The Good, the Bad, and the Ugly • Spaghetti Westerns
Greenscreening Series #30
April 21, 2023
April 21, 2023
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For three men the Civil War wasn't hell... it was practice! Clint Eastwood returns as "The Man with No Name," this time teaming with two gunslingers (Lee Van Cleef and Eli Wallach) to pursue a cache of $200,000 and letting no one, not even warring factions in a civil war, stand in their way. - MGM
Find The Good, the Bad, and the Ugly via Reelgood
Clint Eastwood stands opposite Lee Van Cleef and Eli Wallach, wearing a poncho, squinting at his foes. The camera cuts back and forth between the men, and their hands near their guns. The camera moves closer and closer between cuts, to the point where their eyes are the sole focus of the widescreen shots. And of course, Ennio Morricone's score swells and builds to the moment where they draw. Leone drags the scene out for nearly three minutes. This is the iconic scene of The Good, the Bad, and the Ugly, and one of the great scenes in film history.
The Good, the Bad, and the Ugly captures the essence of the Spaghetti Western - the Italian movement that reinvented the Western during the 1960s, blending homage to the classic Western with high style, 1960s sensibilities, lots of violence, and above all, a love of spectacle.
The film was Sergio Leone's third in the "Dollars Trilogy," starring Clint Eastwood as roughly the same character: "The Man with No Name." The first, A Fistful of Dollars (1964), was an adaptation of Akira Kurosawa's Yojimbo (1961), a film about a wandering samurai who gets mixed up in a small town squabble and pits both sides against one another, which Kurosawa made as a kind of tribute to the John Ford Westerns he grew up loving.
Leone also grew up loving classic Hollywood Westerns, including B Westerns, but always felt the villains were more interesting and far cooler than the heroes. In Kurosawa's film, he saw a kindred sensibility he could apply to the Western; a morally ambiguous outsider at the center of the film.
Instead of the virtuous and honorable Western hero archetype like Marshall Will Kane in High Noon, Eastwood's "Man with No Name" was an anti-hero who operated outside the law and was driven by his own self-interest. This character helped to redefine the Western genre and paved the way for more complex and nuanced characters in future films.
Eastwood's Man with No Name was also the embodiment of cool detachment as the world around went crazy. As Eastwood said in 2009:
What we now call the tough style. Sergio taught me that it’s doing as little as possible. The less I did, the more impressive I was. In Leone’s film, everyone was running, chasing each other on horseback, shooting at each other. And I was supposed to stay still and stand up straight in the middle of a battlefield.
The Good, the Bad, and the Ugly takes place during the American Civil War, and follows three men in their overlapping search for a fortune of buried gold. The title refers to the three men: each is given a label, somewhat ironically, since in Leone's world, everyone exists in a sort of moral gray zone. The film is an epic, running nearly three hours. It's filled with amazing set pieces and iconic moments; but the film's high points are in the first hour, as the story and characters are set up, and in the last 40 minutes, as the story reaches its climax.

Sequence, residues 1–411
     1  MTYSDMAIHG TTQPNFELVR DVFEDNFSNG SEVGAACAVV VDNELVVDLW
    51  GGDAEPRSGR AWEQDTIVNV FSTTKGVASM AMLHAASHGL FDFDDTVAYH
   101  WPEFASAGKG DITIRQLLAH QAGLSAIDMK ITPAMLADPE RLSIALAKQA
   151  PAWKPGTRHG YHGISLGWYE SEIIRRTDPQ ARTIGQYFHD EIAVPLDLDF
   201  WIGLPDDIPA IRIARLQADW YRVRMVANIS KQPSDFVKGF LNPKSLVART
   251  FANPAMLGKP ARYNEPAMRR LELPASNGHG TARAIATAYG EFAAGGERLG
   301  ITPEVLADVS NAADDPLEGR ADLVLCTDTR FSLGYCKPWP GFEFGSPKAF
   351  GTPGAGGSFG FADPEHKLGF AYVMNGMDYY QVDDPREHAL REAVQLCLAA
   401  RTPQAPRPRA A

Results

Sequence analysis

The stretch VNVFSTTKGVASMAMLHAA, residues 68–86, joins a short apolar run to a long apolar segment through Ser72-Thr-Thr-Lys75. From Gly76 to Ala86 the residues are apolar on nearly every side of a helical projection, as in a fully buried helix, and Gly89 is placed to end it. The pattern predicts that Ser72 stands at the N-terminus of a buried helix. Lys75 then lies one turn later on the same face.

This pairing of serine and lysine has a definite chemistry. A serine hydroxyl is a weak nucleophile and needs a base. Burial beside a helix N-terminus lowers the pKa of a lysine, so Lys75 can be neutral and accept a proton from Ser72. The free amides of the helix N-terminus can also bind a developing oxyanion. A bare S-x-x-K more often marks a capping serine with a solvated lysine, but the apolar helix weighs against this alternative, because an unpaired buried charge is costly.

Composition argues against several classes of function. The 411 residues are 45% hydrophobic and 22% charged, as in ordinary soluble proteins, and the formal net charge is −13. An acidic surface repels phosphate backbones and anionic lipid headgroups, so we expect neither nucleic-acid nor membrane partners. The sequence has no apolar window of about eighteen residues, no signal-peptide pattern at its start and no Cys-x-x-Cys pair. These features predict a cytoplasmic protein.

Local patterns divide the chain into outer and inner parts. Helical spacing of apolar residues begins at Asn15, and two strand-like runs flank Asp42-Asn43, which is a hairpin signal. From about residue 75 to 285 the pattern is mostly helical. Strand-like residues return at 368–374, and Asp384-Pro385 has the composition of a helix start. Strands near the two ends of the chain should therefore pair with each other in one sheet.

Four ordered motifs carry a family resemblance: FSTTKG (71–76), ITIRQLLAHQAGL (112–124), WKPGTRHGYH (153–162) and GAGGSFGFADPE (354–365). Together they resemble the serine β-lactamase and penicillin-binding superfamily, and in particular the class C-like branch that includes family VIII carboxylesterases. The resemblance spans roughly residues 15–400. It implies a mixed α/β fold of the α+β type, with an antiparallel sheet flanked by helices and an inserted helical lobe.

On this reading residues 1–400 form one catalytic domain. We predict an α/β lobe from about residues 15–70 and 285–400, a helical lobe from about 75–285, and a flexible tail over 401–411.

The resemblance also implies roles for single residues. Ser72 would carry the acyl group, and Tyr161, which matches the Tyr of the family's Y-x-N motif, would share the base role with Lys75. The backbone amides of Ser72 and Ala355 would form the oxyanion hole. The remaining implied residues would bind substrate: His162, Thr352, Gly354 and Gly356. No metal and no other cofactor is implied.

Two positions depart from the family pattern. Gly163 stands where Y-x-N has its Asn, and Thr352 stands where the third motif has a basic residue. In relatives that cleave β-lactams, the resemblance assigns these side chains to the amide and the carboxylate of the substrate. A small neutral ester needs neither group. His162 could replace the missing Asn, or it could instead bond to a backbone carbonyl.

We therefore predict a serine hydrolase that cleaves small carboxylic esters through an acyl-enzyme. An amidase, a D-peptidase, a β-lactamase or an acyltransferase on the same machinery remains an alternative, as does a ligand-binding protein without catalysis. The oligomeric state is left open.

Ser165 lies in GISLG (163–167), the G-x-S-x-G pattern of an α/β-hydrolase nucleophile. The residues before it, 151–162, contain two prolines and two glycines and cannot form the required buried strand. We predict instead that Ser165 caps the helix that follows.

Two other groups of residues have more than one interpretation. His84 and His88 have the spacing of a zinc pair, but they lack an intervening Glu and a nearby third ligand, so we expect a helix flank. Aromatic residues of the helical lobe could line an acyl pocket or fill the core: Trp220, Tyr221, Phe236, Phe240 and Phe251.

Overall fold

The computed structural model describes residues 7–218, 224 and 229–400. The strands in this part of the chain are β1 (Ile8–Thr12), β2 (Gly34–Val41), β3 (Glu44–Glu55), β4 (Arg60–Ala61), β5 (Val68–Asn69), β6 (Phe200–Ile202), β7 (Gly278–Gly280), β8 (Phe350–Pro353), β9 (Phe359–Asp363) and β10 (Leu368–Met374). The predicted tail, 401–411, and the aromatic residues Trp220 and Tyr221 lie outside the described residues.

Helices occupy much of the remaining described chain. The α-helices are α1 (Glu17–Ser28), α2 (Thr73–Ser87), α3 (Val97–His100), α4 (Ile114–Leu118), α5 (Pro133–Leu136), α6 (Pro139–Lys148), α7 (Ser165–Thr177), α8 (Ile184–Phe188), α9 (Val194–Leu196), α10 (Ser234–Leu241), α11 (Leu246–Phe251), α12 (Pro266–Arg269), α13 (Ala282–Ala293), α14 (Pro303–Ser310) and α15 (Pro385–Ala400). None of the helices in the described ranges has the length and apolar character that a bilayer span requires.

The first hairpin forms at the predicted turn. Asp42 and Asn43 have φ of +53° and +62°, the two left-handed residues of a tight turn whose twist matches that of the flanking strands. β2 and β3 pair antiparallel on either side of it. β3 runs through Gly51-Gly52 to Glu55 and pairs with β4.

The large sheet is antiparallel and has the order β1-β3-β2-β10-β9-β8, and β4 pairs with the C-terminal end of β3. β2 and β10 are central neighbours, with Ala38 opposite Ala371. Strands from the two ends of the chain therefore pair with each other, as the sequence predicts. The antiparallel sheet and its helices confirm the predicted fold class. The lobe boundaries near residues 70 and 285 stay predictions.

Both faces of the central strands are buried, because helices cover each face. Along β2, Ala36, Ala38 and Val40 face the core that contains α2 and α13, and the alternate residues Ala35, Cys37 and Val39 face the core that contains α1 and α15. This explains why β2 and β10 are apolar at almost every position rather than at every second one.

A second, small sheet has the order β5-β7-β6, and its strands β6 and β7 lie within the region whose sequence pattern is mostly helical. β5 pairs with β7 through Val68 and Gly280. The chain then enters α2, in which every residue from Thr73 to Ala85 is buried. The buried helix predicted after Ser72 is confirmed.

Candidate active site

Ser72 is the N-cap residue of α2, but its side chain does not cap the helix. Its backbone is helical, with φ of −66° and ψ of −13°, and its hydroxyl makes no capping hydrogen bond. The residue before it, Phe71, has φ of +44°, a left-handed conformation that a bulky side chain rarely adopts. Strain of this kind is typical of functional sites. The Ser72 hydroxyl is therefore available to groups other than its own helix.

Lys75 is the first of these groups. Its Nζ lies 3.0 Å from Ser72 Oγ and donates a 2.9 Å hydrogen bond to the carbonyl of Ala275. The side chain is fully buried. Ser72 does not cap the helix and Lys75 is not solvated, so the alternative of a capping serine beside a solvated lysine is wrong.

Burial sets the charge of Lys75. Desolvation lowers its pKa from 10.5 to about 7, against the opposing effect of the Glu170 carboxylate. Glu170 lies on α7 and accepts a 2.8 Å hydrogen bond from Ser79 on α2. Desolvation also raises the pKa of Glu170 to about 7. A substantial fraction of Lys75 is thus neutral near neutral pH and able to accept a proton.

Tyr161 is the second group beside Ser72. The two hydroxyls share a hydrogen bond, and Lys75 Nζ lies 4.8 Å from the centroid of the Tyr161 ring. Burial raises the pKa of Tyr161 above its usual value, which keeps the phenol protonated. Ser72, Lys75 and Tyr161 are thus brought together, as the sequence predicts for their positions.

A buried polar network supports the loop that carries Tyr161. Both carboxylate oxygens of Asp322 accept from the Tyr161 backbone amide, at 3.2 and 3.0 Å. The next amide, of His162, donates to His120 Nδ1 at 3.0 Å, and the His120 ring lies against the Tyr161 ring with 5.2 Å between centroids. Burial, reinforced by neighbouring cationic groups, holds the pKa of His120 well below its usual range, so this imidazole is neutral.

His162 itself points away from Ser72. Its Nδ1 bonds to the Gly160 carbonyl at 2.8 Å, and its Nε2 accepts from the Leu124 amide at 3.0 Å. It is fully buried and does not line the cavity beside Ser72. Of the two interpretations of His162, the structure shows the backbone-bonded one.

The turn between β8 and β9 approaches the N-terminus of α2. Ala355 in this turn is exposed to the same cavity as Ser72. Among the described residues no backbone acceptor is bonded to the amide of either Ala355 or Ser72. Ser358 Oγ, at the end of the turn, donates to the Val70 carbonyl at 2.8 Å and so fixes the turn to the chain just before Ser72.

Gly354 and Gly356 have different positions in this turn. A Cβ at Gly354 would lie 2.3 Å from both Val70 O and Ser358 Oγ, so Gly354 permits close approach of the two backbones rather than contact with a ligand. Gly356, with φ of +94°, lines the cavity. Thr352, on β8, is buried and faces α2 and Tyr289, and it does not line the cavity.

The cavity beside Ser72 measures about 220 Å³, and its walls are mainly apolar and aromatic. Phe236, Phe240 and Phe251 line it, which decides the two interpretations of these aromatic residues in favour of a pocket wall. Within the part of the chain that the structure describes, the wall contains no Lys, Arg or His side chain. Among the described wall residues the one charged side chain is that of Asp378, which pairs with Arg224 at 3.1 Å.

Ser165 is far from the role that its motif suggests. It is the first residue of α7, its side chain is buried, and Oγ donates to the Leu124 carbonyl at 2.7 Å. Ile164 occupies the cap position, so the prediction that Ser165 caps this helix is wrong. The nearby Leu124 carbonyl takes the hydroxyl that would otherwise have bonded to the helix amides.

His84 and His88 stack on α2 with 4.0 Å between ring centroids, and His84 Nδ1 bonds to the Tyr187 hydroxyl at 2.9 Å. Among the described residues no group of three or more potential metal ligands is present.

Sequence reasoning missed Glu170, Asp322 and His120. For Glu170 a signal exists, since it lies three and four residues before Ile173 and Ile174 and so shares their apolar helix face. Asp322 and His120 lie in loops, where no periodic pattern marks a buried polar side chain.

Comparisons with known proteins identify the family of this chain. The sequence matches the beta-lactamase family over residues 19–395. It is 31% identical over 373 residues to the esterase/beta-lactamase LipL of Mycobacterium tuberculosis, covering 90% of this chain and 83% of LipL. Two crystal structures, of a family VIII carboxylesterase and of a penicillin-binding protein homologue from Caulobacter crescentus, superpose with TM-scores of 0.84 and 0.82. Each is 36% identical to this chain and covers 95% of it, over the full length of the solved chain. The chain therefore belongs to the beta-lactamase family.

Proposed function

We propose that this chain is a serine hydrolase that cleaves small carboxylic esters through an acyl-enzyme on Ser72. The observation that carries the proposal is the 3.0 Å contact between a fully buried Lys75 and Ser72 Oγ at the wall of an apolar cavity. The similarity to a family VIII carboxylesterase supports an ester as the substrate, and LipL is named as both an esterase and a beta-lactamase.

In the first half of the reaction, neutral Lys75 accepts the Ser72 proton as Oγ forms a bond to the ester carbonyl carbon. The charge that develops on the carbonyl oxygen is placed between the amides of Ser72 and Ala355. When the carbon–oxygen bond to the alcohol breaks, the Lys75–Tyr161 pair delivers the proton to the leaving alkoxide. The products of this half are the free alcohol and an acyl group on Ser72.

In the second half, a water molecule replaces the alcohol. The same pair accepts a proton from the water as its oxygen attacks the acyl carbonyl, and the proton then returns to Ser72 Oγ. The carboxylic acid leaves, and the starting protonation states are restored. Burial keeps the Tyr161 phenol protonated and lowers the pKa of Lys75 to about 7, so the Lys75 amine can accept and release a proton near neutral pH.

One of the hallmarks of Leone's style is his use of widescreen cinematography.
Widescreen cinematography began to gain popularity in the 1950s as a response to the growing popularity of television. Filmmakers realized that they needed to offer audiences something that they couldn't get at home, and widescreen became one way to do that. The first major widescreen format was CinemaScope, which was introduced by 20th Century Fox in 1953.
Sergio Leone was part of the second wave of filmmakers who embraced widescreen in the 1960s. Leone used the widescreen format extensively in his "Dollars Trilogy" films, which were shot in an aspect ratio of 2.35:1. For reference, the typical YouTube video has an aspect ratio of 1.77:1, so Leone's films were super wide. Leone's use of the widescreen format was distinctive for its use of extreme close-ups and sweeping landscapes, which helped to give his films a sense of epic scale.
Leone's films were hugely influential in popularizing widescreen cinematography, particularly in the Western genre. Many other filmmakers followed in his footsteps, and widescreen became the norm for most Hollywood films by the 1960s.
But Leone's style is fairly distinctive, as he blended iconic cinematography with innovative editing, cutting between close-ups of the characters' faces and wide shots of the landscape, creating a sense of scale and grandeur, and building tension within scenes. This is particularly evident in the aforementioned iconic standoff scene, where the three main characters face off against each other in a tense and suspenseful moment.